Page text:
🚨Overkill alert!🚨 I opted to use a 42W solar panel array. Under ideal situations this array could provide enough power (on a sunny day) to keep our battery charged. Even with full sun though, I was only seeing 11W.

There are a lot of variables to consider with solar power (varying consumption rates, changing temps, cloudy conditions, etc). YMMV when it comes to properly powering your RPi!

NOTE: It's outside the scope of what I hoped to accomplish with this project, but ideally we would execute a safe shutdown of the RPi when power supply gets too low.

Thankfully, connecting the Raspberry Pi --> power bank and power bank --> solar is a snap with USB-C and USB-A connectors.

(Some) Assembly Required

Thankfully, the Raspberry Pi allows for easy assembly of the rest of our components.

The Pi Camera slots into the...Pi Camera slot on the RPi.

The Notecarrier-Pi HAT slides in place and provides pass-through headers for the T-Cobbler.

The T-Cobbler provides an easy (but granted, a bit bulky) means of connecting to our PIR sensor with jumper wires to power, ground, and GPIO pin 18.

Get Ready for the Outdoors

While I wasn't anticipating this would be a 24/7/365 solution, I did want to provide some amount of weatherproofing for this array of supporting hardware.

A reasonably-priced option turned out to be the Awclub ABS Plastic Junction Box. Secured by six bolts and rubber stripping, it's a nice plastic case providing just enough security from the elements.

After drilling a small hole in the bottom for the solar panel's USB cable, we can thread the camera and PIR sensor wiring through a gap in the seam (avoiding more drilling while still providing just enough weatherproofing for my needs!). Using some double-sided tape we can securely attach the PIR sensor and camera to the feeder.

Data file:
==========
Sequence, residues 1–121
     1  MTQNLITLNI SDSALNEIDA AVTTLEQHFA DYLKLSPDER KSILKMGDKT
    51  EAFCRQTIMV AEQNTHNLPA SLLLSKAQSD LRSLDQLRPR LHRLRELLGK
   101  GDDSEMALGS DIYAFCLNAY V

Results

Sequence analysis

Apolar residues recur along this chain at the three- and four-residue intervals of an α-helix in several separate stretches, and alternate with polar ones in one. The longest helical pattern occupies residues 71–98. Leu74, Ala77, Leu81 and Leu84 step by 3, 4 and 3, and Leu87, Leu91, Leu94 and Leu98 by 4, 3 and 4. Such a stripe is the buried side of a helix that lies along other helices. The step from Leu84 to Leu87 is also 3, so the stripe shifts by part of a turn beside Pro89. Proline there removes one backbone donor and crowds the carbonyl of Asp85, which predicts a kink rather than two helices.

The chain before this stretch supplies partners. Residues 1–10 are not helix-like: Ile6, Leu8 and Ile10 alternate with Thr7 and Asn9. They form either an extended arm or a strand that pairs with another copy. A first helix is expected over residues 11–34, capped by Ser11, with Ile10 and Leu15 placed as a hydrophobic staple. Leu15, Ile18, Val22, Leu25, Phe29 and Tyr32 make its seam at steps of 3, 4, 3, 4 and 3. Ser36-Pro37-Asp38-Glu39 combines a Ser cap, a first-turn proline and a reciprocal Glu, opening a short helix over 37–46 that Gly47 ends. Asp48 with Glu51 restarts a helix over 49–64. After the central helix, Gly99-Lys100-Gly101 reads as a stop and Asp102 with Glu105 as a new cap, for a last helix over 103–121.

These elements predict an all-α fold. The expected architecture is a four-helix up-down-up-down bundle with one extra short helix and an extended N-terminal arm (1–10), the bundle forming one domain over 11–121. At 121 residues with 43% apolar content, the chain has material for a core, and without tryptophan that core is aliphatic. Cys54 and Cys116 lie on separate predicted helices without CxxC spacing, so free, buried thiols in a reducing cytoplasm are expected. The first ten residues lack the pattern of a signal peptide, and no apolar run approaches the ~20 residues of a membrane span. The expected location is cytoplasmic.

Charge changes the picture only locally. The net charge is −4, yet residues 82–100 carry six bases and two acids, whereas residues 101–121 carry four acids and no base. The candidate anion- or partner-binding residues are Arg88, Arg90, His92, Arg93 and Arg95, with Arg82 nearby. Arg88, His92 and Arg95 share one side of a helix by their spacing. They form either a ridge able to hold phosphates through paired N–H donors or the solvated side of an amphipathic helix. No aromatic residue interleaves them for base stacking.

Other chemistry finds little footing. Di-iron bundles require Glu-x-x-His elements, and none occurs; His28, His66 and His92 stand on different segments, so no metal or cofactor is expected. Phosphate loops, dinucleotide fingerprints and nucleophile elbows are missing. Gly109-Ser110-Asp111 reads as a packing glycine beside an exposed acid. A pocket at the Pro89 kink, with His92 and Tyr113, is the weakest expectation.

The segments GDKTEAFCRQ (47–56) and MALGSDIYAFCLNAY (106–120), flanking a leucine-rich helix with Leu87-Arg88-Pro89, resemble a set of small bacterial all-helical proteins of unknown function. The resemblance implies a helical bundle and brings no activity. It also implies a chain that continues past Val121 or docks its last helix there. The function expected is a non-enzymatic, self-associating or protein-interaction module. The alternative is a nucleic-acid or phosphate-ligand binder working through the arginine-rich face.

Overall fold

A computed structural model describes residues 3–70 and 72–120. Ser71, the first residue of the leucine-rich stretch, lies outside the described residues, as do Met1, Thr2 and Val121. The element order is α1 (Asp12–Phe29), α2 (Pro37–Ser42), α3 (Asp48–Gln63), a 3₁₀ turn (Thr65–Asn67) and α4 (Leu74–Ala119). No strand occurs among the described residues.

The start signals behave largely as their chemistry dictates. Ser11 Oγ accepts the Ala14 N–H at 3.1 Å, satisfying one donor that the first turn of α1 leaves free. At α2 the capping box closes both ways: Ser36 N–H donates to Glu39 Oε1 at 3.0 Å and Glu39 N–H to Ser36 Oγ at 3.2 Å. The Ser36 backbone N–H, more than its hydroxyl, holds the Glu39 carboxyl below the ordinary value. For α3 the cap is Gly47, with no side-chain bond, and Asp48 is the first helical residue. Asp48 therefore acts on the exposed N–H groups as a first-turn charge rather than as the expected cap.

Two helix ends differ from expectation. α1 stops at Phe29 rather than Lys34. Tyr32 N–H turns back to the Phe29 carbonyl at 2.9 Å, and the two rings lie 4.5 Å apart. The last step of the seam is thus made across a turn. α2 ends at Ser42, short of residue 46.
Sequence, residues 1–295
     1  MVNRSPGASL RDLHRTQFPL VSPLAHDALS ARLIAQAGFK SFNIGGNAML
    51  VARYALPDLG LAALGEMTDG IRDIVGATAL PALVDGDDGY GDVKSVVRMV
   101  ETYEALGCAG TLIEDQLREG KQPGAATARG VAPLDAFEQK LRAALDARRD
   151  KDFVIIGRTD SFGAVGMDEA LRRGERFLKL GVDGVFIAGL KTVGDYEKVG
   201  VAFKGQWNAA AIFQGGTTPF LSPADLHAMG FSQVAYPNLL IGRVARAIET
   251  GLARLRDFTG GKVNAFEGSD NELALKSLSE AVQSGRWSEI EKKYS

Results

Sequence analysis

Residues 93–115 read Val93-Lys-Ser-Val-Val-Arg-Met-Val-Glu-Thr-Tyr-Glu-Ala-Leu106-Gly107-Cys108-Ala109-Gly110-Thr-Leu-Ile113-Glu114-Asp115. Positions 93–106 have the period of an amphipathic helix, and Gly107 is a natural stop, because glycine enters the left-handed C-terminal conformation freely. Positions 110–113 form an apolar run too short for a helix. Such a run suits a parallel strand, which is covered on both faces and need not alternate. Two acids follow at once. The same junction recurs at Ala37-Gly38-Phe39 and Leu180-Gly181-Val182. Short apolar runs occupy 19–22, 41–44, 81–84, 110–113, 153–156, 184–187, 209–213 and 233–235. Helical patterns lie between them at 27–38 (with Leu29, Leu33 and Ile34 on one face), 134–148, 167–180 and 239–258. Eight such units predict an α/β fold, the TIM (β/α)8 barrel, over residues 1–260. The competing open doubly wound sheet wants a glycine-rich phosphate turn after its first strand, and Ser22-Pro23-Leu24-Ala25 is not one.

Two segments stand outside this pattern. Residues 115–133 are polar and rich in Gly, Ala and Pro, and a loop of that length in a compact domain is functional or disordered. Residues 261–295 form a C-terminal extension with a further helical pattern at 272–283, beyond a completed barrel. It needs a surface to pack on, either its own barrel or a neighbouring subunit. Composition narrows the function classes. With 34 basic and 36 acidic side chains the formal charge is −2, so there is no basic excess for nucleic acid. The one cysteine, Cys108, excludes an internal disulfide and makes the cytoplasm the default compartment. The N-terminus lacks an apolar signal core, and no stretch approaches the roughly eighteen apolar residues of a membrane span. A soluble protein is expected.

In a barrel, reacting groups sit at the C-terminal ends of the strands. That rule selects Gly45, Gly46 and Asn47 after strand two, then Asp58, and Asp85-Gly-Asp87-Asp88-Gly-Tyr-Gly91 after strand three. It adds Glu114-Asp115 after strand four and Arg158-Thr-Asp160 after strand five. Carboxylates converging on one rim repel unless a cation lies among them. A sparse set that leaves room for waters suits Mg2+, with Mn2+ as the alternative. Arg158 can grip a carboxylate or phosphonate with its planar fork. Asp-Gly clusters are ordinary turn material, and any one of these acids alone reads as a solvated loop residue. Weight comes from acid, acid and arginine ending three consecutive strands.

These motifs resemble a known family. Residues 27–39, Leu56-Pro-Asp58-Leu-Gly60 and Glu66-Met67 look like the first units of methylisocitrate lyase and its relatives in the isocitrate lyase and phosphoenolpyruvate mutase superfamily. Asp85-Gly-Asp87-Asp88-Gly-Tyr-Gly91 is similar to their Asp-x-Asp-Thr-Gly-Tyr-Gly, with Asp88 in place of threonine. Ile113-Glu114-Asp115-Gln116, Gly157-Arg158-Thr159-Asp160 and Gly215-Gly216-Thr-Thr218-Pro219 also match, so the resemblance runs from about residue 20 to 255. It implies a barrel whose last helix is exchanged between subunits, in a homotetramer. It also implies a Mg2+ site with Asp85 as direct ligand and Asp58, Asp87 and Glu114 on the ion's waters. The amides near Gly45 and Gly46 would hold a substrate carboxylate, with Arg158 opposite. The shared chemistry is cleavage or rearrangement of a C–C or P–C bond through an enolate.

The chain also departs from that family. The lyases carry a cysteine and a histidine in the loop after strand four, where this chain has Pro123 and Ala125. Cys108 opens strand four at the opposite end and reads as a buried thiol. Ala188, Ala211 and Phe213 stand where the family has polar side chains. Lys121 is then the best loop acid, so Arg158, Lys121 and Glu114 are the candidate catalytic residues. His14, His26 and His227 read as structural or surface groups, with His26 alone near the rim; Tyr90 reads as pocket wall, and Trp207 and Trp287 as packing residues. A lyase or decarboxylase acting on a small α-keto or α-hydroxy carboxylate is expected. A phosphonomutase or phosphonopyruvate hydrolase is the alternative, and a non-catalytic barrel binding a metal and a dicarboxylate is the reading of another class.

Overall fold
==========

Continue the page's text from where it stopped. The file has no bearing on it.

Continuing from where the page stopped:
And we're done!

Remote Birding in Action

By starting our program with python3 (which you'll want to do prior to mounting it outside!), the project is ready to roll out.

While this was a fun project to build, in practice the results are not quite perfect. I really don't think a Red junglefowl (gallus gallus) just showed up at my feeder.

However, it was fantastic to see data coming through from the Notecard to Notehub and getting a text message that allowed me to sprint to the feeder and (sometimes) see that same bird.

What's Next?

This entire exercise was a proof-of-concept to see how we could leverage established (albeit power-hungry) hardware to perform remote cellular communication outside the range of WiFi and the electrical grid.

In the next phase we will ideally optimize every part of the scenario:

  • Switch to a Raspberry Pi Pico
  • Use a more appropriate (and accurate) ML model
  • Leverage some visual dashboards to see images and a history of collected bird data

Happy (virtual) birding! 🐦




Photo of RobLauer


Director of Developer Relations @ Blues